1. Application resources
  2. >
  3. BME Applicants

BME Applicants

This page specifically relates to BME (Black and Minority Ethnic) applicants. These resources include relevant access programmes, and international and cultural societies.


Experiences of BME students at Cambridge video πŸ”— 🌟 This video, produced by the University, interviews BME students about their experiences of Cambridge. They discuss their perceptions of the university before applying, and how this differs to their actual experiences.

Blog post by a Cambridge alumna πŸ”— A great article summarising why BME students should apply to Cambridge, drawing on the writer’s own experience.

BME-specific access programmes

It is important to note that many access schemes target under-represented groups more generally. While this includes BME applicants, these schemes haven't been included on this page. Information on other access schemes run by Cambridge is available on the widening participation πŸ”— section of the university website.

Target Oxbridge πŸ”— 🌟 This free programme aims to help students with black African and Caribbean heritage increase their chances of being offered a place at Oxford or Cambridge. The programme includes a tailored series of critical theory discussions; one-to-one mentoring; structured interview preparation sessions; and visits to both universities.

For the upcoming academic year, the Cambridge University Student Union (CUSU) BME campaign are launching a new academic mentorship programme for incoming BME students. If they wish, first-year BME students will be matched with an older student studying the same subject, who they will be able to turn to for academic advice.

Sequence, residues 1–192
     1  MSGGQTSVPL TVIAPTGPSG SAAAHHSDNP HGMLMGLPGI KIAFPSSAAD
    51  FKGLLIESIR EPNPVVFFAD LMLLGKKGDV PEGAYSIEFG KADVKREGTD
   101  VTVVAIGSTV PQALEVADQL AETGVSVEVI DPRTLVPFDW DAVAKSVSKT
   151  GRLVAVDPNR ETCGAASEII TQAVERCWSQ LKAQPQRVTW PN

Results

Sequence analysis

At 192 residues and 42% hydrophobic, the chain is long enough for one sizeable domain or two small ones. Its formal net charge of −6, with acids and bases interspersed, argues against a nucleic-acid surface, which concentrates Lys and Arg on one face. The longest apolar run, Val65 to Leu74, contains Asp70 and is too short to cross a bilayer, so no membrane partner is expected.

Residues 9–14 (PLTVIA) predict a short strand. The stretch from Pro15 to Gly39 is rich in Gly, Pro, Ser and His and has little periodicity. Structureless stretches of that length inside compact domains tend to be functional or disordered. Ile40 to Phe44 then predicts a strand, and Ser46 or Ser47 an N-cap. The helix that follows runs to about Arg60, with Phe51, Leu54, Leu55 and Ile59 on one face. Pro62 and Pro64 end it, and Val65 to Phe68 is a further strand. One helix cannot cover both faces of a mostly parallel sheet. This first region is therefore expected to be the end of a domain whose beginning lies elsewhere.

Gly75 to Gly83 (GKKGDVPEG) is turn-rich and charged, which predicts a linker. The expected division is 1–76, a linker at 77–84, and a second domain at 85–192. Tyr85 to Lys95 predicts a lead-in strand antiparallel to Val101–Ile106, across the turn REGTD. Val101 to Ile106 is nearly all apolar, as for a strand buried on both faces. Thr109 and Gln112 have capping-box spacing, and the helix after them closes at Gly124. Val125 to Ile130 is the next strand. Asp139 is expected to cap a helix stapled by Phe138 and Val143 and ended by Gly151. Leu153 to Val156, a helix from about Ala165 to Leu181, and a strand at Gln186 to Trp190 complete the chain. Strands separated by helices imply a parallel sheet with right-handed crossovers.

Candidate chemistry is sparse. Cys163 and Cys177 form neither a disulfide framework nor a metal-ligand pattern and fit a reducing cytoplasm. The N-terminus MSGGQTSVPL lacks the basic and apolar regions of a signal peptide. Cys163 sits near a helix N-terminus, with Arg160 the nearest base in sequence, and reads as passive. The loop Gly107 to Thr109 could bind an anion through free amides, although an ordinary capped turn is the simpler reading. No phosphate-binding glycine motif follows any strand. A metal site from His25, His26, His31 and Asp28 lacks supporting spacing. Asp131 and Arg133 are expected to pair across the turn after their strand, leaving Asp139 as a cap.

CamSpire BPA scheme πŸ”— 🌟 A new initiative run by Cambridge University Students' Union (CUSU), offering Bangladeshi, Pakistani and Arab (BPA) students the chance to experience student life at Cambridge. The programme includes online mentoring with current BPA students; an interview workshop; and a free residential event.

Stormzy Scholarship πŸ”— Every year, Stormzy offers two scholarships to black UK students who have a confirmed place at Cambridge. The funding, which doesn't have to be repaid, covers the full cost of tuition fees and provides a yearly maintenance grant for the duration of the students' course.

Many colleges host BME open days throughout the year, typically featuring workshops and tours run by current BME students. This page will be updated when new events are announced. For an example of what the events may involve, take a look at the recent King’s College BME open day πŸ”— and Catz and Queens' BME Q&A Sessions πŸ”— Both events were run online this year, including Q&As with admissions tutors; virtual college tours; and panels for sciences and humanities students.

YouTube videos

One of the most easily-accessible resources is YouTube. Several BME students at Cambridge share their experiences through informative and realistic videos and vlogs which provide a helpful (and often entertaining!) insight into life at the university.

Courtney Daniella: What is it like to be a black student at Cambridge? πŸ”— 🌟 Student YouTuber Courtney talks candidly to other BME students about their experiences at Cambridge. They discuss workloads, extracurriculars and diversity.

IbzMo πŸ”— Recent Cambridge graduate IbzMo has posted videos throughout his time at Cambridge. He studied Human, Social and Political Sciences (HSPS) in his first year, before switching to Psychological and Behavioural Sciences (PBS) for the remainder of his degree.

Chiedza Matsvai πŸ”— Cambridge student Chiedza posts vlogs on her YouTube channel, β€˜That’s What Chi Said’.

Day in the life of a Muslim student πŸ”— This video follows Newnham College student Zainab during a typical day in her life, providing a useful insight into student life at Cambridge.